• Page 22 asks you to confirm your appointment date and location. Make sure to select "ILS [City name]" and not just the city name, since all Russian visa applications are now being processed by ILS.

 

4. Hotel Reservation for at Least the First Day of the Visa

Note that if you want to use hotel visa support for your visa application, you MUST have a hotel reservation for the first day you need the visa to start from, i.e. your first day in Russia. If, for example, you're planning to take an overnight train that first night, you should instead opt for a tourist invitation from Way to Russia or similar, because ILS and the Russian Consulate will NOT grant you a visa starting from a date that you don't have a tourist company number and confirmation number for. 

On the other hand, because of the 3 year visa, you DON'T have to worry about hotel reservation visa support for subsquent dates during your stay. You can figure those out later, you just must have support for that first day your visa is valid from.

 

5. Visa Support Confirmation from the Hotel, Including Tourist Company Number and Confirmation Number

After you make your hotel reservation, request visa support. My experience with the hotels I requested it from is that it was very fast, and I received it within 24 hours of requesting, but these were also 4-5 star hotels. I wouldn't leave it to the last minute, in case there is any kind of delay.

Also note: by getting visa support from a hotel, you are committing to stay at the hotel. Hotels that provide visa support generally have you agree that, if you end up cancelling the reservation, you'll owe them money for the visa support. So if you don't want to be bound in this way, just go with a normal Russian visa invitation service, as the fee is usually a bit cheaper, although it also tends to take longer.

Russian Visa Application Requirements - Tourist Company Number and Confirmation Number

 

6. Fee of $235

Note that you *cannot* pay by credit card or personal check; you must pay with cash, bank transfer, money order or cashier check ONLY (payable to the Invisa Logistic Services LLC). While the chart says $210 for an in person application, there is also a $25 additional review fee for 3-year visas, bringing the total to $235.

 

The Russian Consulate may also request the following, but none of them were needed for my application:

- a bank statement from the applicant;

- a statement from the employer regarding the applicant’s wages for the preceding year, half year or month; 

- medical insurance valid in the country to be visited and fully covering the period of the first trip;

- documents regarding the applicant’s ownership of property in the country of his citizenship;

- a certificate on the makeup of the applicant’s family.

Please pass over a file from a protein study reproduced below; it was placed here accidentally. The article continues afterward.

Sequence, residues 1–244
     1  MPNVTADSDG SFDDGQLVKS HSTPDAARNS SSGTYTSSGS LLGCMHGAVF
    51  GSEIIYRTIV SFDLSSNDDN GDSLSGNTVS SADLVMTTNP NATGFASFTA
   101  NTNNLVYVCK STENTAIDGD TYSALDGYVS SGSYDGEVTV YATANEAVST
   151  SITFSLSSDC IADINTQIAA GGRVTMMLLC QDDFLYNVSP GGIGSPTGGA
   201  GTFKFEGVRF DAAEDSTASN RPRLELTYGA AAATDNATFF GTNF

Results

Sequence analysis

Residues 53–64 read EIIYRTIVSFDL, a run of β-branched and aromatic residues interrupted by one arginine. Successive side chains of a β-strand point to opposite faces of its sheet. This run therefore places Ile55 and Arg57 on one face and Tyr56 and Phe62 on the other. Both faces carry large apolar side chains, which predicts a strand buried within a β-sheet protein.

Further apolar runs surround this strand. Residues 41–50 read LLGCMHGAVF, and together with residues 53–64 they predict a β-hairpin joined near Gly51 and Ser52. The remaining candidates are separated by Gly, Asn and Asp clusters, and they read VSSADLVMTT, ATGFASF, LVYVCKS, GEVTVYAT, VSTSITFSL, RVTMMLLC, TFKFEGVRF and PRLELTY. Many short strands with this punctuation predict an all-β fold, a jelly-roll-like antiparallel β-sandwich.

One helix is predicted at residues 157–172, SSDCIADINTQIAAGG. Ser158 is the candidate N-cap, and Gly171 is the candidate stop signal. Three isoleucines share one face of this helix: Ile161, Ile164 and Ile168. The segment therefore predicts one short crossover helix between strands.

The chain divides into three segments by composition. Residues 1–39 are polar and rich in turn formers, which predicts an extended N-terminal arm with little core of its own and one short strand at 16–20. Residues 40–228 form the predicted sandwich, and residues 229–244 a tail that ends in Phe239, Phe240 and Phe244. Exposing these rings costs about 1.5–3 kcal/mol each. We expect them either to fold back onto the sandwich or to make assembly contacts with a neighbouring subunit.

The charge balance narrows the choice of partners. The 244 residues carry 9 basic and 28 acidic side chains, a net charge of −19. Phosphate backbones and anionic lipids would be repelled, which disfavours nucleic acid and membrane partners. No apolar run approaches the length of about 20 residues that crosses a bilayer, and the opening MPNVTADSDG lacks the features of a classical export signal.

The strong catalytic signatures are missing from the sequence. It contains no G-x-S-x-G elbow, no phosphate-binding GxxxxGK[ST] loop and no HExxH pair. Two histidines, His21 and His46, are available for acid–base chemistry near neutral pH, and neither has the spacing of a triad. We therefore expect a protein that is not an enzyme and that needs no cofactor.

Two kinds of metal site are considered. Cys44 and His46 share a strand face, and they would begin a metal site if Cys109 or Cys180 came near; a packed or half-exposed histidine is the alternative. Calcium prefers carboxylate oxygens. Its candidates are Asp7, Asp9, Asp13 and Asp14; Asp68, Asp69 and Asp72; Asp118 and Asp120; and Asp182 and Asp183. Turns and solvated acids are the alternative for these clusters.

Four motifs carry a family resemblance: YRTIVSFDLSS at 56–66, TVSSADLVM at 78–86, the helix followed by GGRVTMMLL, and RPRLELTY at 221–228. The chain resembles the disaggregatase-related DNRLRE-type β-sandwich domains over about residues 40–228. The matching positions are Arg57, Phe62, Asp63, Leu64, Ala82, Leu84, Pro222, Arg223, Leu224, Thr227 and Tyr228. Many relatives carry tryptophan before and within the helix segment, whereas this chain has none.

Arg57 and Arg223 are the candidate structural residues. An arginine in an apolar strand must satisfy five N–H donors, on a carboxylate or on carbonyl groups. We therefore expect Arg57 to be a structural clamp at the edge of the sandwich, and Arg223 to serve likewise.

APPOINTMENT WITH INVISA LOGISTIC SERVICES

You should schedule your appointment about a month in advance of when you need the Russian visa. There are ILS offices in Washington DC, New York, San Francisco, Houston and Seattle. See ILS addresses and maps

At the appointment, they'll pull up your submitted online application, review it to ensure it's complete, print it out and affix your passport photos, and then provide you with an invoice that you take to the cashier and pay with cash or money order. The pickup date and time are on the invoice, and you'll need to bring the invoice with you, so don't lose it.

 

INTERVIEW AT RUSSIAN CONSULATE

For most applicants for 3-year visas (and even some single entry visas) there is an interview at the Russian Consulate. In NYC, they tell you to show up at 2pm, but I'd recommend getting there earlier, as when I arrived around that time there was already a line (not just visa applicants though, Russians also). At least in NYC, make sure you dress appropriately for standing outside given the weather. Eventually you'll be ushered inside, go through a metal detector....and wait some more in a seating area, until pointed to a row of 4 chairs across from 2 Russian Consulate officials. The actual conversation was quite brief in my case. He did ask for a copy of the hotel reservation, which I didn't have in printed form, so he asked me to email it. 

Russian Visa Application Requirements - Russian Consulate New York

 

PICKUP RUSSIAN VISA AT INVISA LOGISTIC SERVICES

Actually picking up my passport, with Russian Visa inside, was mercifully fast, but perhaps too anticlimactic. You almost feel that you should be offered a vodka toast after all this...perhaps some drinks at Mari Vanna are in order!

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Comments
Picture?type=large Thomas L. commented 07 Jun 2013
hi. i am going thru the process now. please tell me how long you had to wait to pick up your visa after the interview
Avatar_60_hilary Hilary Stockton commented 07 Jun 2013
Thomas, I believe it was about 1 week or so from my apt. with Invisa, but the exact pickup date was in any case clearly stamped on my paid invoice--the interview at the Russian Consulate had no bearing on the pickup date (though of course if I hadn't "passed" it would have) so it's the Invisa pickup date that matters. Good luck!
Picture?type=large Eric L. commented 26 Feb 2015